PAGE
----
Archive for August, 2009

Anna and Alain

August 30, 2009 11:14 am

P1020537P1030283We’ve become great friends with two remarkable “agriculteurs” – farmers – here in Barbentane. Anna is a Force of Nature – a tiny 87 year old ball of fire, originally from northern Italy, who’s lived in Barbentane for almost sixty years. Except to sleep (briefly) at night and to faire une sieste every afternoon, she never stops working. She rises between 4:30 and 5:00 every morning and starts cooking. First she bakes a cake to share with the endless stream of visiting friends and purchasers of her produce. Then she cooks vegetables that are past their prime for les ‘poo-lay’ (les poules, the chickens, which in French sounds like ‘pool’ but not with Anna’s undiminished adorable Italian accent). Before 7:00 am, she heads down to her large champ (field) near the Rhone, about a 5 minute’s drive away, with Alain. He’s originally from the area around Bourges in central France, in his 70’s, and lives in Anna’s big house on the floor above. Over the years, he’s worked many fields in Barbentane and has been working Anna’s ever since her husband, Romeo, died years ago.

Together they work the field every day of the year. In summertime, the air is cool and fresh when they arrive. By 10:00, though, the sun is starting to simmer and reaches a full boil shortly thereafter. I know this because this summer Kevin and I have been working in the field occasionally with Anna and Alain. The thought of Anna bending over and working away in the Provençal heat is worrying, so we wanted to help out with all the endless chores that must be done at this time of year. We love hanging out with these two, who don’t speak a word of English, and – being frustrated gardeners with no growing land of our own – we’re thrilled to be working a real patch of ground in this region, renowned  throughout millenia for producing exquisite fruits and vegetables.

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Leonard Cohen in Concert in Nimes

August 21, 2009 3:17 pm

P1030217When a friend told me that Leonard Cohen was giving a concert in the Roman coliseum in Nimes, I balked at paying the hefty 96€ for a ticket. Then, the day before the concert, I thought “Am I crazy? Who cares what it costs? It’s Leonard Cohen!” Plus, I realized, he will be 75 years old next month and he might not be planning another world tour any time soon.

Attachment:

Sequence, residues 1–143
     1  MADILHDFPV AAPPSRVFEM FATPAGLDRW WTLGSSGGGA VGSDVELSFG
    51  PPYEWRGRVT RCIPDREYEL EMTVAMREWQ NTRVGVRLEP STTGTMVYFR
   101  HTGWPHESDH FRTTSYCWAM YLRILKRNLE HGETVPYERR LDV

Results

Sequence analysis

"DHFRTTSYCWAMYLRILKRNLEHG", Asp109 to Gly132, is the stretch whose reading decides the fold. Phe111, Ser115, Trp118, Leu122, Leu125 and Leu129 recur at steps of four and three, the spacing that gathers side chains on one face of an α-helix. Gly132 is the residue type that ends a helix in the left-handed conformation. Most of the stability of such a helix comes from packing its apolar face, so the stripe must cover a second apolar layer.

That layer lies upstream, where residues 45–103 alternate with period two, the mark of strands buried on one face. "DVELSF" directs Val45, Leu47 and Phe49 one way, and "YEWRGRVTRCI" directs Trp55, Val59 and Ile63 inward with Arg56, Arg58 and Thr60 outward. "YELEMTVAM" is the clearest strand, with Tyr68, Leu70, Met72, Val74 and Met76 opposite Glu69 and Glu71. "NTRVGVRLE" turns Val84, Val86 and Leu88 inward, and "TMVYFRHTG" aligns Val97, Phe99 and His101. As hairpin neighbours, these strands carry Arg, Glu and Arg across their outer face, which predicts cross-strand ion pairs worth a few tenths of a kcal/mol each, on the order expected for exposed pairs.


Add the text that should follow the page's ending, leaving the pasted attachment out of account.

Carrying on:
So, off to Nimes last night to see a performer I’ve been in love with for 40 years. Can that be possible? He recorded Suzanne, the first song I heard by him, in 1967. Mon dieu …

P1030200I knew the concert would be wonderful but I didn’t expect that I would say afterwards – without exaggeration –  “That was the best concert I have ever seen in my life.” After literally every song, he received a standing ovation. The audience was all over him. I was stunned that he left the stage for good after only 4 encores. It was all over so fast!

P1030172The concert was in the two-thousand-year-old Roman coliseum, Les Arènes – a superb venue for a concert (and, I suppose, for the gladiatorial shenanigans of yore). The air was soft and warm, the sky was clear and dark, and the music was pure magic.

I have been steeped in Leonard’s music all day today and I am watching and listening to Leonard Cohen, Live in Concert as I write this post. Friends Doris and Hu gave Kevin and me the DVD when they visited recently from California. I highly recommend it. Last night’s show is pretty much the same as this London concert of July 18, 2008.

On the DVD, he told his audience that it had been a long time since he had stood on a London stage: “It was about 14 or 15 years ago – I was just a 60 year old kid with a crazy dream.”  Leonard, you’re timeless.


A visit to the Pic du Midi de Bigorre (Midi-Pyrénées Observatory).

August 19, 2009 9:41 pm
It looks like a Medieval Fortress (with modern bits)

A Modern Fortress!

A place with a view

A place with a view

As part of our trip to the Pyrénées our host very kindly took us to see the Pic du Midi observatory.  Since he worked there we were in the privileged position of having a much better tour of the place than members of the general public.

We drove up into the mountains and parked in a small town of Bagnères de Bigorre where we were greeted by several Llamas wandering around the car park.  Being a ski resort there were many ski lifts and cable cars around. We went to a cable car building and caught the first of two cable cars to the top.

Getting close to the Pic du Midi was quite a sight, buildings nestled right on the peak of the tallest mountain in the area.  The very first building there, now part of the cafe, took eight years to build! Everything was bought up manually and they only had three months of the year to work as it was too cold at other times. The view from the top was pretty spectacular too.